The Secret Is Out: How Russia Somehow Captured U.S. Fighters (And Tested Them Out)

By Peter Gronemann from Switzerland - Nothrop F-5E Tiger II (Patrouille Suisse), CC BY 2.0, https://commons.wikimedia.org/w/index.php?curid=29335332
May 31, 2019 Topic: Security Region: Europe Blog Brand: The Buzz Tags: RussiaU.S. Air ForceMiGF-5Military

The Secret Is Out: How Russia Somehow Captured U.S. Fighters (And Tested Them Out)

What did Moscow think?

It’s no secret that the United States has flown captured — or otherwise acquired — Soviet and Russian aircraft for test, evaluation and training. The Soviet Union returned the favor.

 

The RT video below contains some quite famous footage of a U.S.-made Northrop F-5 Freedom Fighter — formerly stationed at Bien Hoa Air Base in Vietnam — flying in Soviet markings in mock combat with a Soviet MiG-21.

North Vietnamese forces had seized the F-5 along with several other U.S. military when the overran Bien Hoa, home of the South Vietnamese air force’s 522nd Fighter Squadron, in 1975. Hanoi generously provided the F-5 to the USSR for evaluation.

This first appeared earlier in 2019.

The newer F-5E version of the Northrop fighter — reportedly one copy of which the North Vietnamese seized at Bien Hoa — was of particular interest to the Soviets, as the United States was actively marketing the new fighter to its allies.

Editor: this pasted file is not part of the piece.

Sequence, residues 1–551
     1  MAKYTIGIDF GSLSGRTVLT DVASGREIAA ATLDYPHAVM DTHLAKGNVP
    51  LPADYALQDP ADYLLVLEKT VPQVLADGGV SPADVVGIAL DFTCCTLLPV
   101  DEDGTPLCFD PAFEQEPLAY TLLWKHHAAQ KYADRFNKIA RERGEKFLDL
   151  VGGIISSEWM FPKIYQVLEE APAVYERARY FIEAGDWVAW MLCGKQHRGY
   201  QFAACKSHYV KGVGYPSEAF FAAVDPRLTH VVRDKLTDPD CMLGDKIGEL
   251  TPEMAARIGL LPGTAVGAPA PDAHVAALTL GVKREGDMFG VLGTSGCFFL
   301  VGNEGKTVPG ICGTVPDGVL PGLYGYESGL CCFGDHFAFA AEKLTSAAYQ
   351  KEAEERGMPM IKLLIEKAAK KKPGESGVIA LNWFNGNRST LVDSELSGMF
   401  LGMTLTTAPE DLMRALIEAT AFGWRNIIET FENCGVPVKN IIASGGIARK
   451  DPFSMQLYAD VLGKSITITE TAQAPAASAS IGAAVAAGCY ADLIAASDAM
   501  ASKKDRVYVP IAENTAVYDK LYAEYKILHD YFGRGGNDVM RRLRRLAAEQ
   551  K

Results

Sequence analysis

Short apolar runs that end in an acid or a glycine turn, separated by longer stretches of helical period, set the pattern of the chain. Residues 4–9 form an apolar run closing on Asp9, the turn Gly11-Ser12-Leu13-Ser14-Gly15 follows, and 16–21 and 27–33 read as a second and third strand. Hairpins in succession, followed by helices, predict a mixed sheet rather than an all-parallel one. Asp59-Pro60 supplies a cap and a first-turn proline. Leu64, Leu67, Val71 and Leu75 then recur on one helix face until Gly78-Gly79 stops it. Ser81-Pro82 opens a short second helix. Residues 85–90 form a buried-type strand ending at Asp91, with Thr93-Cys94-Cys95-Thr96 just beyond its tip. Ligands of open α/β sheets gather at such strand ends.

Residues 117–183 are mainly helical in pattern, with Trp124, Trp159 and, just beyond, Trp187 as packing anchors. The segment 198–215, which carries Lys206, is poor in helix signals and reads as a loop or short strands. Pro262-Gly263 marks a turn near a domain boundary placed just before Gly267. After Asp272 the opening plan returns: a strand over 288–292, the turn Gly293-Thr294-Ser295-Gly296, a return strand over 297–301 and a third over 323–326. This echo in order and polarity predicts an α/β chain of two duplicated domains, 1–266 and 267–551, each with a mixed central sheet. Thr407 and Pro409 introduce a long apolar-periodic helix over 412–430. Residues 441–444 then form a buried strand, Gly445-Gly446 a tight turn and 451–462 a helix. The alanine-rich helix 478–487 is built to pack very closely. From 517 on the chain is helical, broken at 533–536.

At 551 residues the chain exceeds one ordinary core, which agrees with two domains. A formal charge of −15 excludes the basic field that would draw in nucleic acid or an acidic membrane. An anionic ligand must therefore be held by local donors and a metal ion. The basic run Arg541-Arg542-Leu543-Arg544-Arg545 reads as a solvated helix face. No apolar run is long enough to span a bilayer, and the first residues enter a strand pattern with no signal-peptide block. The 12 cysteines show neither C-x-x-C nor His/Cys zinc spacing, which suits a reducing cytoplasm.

Soviet pilots from Chkalov’s Russian Flight Test Center near the Volga River — among them Vladimir Kandaurov, Alexander Bezhevets and Nikolay Stogov — were reportedly impressed by the F-5’s performance against the MiG-21. Interestingly, Soviet engineers assumed the MiG-21 was more advanced than the American jet was, but the F-5 won every simulated air-combat engagement.

The data from the F-5 tests apparently contributed to the development of the MiG-23.

The F-5 wasn’t the only American fighter the Soviets obtained. One curious photo depicts what seems to be a McDonnell Douglas F-4 Phantom fighter — or a mock-up of the legendary jet — under a tarp at the Zhukovskiy airfield near Moscow in August 1971.

Parked next to the F-4 is a French-built Mirage or, again, a mock-up of a Mirage.

While the Soviets definitely obtained an F-5 and apparently also got their hands on an F-4, they probably didn’t acquire an American-made Grumman F-14 Tomcat naval fighter, even though Iran bought scores of the swing-wing jets prior to the 1979 Islamic revolution that turned Iran from America’s ally to its enemy.

A photo depicting an F-14 in Soviet markings is almost certainly fake.

This piece by Tom Demerly appeared in War is Boring in 2017.

Image: Wikipedia.